With the 2017 total solar eclipse less than two weeks away, excitement is reaching a fever pitch in Idaho and other places across the country where this stunning celestial event will be visible.
Today, we view eclipses with wonder and anticipation, but that hasn’t always been the case. In ancient times, eclipses were greeted with dread and fear and blamed for deaths, disease outbreaks and disasters. As scientific understanding of eclipses grew, so did interest in experiencing them, with so-called “eclipse chasers” traveling the globe to witness the next spectacular event. Eclipses have spawned myths that are still with us, even as their mystery continues to recede in the bright light of research and discovery.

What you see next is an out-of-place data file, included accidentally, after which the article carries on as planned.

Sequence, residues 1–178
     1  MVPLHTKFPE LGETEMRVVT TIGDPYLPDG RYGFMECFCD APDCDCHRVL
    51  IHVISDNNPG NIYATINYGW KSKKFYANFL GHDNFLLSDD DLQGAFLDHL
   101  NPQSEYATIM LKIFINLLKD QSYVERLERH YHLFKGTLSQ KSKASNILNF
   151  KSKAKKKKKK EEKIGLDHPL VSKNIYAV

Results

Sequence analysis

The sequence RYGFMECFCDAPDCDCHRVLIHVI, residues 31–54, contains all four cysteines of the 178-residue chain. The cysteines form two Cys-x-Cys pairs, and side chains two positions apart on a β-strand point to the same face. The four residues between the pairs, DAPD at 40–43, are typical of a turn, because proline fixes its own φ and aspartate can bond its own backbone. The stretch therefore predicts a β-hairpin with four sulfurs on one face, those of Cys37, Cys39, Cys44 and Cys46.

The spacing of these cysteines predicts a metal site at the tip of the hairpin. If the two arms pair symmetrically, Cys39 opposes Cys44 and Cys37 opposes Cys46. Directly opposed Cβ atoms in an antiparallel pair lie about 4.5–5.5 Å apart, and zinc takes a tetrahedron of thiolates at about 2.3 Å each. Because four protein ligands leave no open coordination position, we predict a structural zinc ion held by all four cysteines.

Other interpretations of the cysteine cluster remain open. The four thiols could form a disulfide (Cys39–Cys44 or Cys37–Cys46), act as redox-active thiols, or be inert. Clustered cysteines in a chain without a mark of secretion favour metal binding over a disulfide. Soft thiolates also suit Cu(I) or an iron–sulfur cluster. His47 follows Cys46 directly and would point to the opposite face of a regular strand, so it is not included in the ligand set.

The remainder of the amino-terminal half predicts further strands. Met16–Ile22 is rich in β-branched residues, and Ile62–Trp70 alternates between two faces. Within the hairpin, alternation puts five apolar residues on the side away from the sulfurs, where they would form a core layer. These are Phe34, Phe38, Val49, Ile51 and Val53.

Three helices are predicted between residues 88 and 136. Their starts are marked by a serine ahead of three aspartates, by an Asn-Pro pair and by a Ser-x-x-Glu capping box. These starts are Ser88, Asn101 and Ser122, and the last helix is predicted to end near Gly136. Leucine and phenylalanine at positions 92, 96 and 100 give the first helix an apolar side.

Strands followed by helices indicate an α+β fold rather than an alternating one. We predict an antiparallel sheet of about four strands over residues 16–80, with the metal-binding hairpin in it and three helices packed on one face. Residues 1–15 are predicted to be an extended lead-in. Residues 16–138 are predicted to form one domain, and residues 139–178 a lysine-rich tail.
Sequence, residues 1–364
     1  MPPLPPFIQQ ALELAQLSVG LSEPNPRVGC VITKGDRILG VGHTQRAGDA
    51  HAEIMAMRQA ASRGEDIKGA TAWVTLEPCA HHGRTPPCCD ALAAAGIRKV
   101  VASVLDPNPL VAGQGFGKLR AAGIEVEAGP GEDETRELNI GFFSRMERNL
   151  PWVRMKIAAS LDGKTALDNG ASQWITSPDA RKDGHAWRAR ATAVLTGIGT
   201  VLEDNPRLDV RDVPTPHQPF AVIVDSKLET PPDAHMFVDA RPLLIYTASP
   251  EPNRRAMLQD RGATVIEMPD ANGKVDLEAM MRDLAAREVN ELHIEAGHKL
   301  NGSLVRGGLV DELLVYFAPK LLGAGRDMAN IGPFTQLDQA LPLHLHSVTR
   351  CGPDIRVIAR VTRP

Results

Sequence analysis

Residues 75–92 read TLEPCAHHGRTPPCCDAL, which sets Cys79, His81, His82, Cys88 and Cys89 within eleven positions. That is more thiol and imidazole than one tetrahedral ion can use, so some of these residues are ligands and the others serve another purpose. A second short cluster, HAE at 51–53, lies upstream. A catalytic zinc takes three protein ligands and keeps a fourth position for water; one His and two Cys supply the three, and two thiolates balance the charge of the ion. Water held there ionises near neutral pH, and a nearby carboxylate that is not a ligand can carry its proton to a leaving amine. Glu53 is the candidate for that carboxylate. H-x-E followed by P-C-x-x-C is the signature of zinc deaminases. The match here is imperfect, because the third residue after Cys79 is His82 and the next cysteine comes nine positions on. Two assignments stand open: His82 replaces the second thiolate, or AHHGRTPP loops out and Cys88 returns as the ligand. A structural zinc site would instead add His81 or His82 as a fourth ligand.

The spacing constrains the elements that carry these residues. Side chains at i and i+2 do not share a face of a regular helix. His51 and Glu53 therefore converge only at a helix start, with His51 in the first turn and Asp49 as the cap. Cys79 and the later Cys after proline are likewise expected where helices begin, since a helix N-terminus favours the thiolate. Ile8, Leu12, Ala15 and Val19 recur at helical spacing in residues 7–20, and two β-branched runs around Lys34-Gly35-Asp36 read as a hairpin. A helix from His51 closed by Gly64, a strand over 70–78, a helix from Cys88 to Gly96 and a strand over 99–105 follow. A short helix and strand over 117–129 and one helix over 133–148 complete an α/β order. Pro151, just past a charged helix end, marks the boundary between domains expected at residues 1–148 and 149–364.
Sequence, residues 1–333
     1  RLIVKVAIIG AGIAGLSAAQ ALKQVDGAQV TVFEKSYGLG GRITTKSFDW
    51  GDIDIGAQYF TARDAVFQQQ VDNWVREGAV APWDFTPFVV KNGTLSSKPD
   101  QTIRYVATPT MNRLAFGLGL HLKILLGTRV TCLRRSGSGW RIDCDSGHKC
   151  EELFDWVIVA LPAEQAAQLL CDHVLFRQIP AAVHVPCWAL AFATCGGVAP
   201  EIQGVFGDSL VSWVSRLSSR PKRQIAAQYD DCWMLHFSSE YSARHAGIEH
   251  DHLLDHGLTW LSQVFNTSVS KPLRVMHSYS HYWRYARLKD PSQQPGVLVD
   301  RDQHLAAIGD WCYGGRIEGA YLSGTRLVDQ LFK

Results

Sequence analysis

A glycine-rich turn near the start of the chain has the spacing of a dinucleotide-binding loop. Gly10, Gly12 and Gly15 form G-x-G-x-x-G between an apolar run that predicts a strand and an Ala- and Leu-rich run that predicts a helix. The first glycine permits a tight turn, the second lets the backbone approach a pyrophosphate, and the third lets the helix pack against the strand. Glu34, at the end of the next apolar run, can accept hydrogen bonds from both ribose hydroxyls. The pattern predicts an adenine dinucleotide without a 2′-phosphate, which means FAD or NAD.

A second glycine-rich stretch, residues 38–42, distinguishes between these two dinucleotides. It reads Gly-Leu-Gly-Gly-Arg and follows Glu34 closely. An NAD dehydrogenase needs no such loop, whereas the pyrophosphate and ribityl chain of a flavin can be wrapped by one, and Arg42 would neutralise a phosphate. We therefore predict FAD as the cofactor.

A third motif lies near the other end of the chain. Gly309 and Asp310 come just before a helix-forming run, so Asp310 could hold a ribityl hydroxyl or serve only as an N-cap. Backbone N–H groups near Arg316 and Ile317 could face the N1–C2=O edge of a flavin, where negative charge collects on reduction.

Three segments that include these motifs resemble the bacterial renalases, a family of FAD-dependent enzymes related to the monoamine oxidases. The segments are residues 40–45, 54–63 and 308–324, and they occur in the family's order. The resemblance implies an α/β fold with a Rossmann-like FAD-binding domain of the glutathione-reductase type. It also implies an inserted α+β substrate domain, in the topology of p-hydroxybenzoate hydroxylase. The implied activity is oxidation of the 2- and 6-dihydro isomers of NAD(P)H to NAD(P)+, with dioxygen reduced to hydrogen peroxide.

Today’s guest, John Dvorak, offers a timely and fascinating look at eclipses in his new book, Mask of the Sun: The Science, History and Forgotten Lore of Eclipses. Dr. Dvorak originally trained as a lunar scientist and spent 20 years operating a large telescope at Mauna Kea for the Institute for Astronomy at the University of Hawaii. He has published dozens of papers in scientific journals and has written for several national magazines, including cover stories for Scientific American, Astronomy and Physics Today. His previous books include The Last Volcano and Earthquake Storms.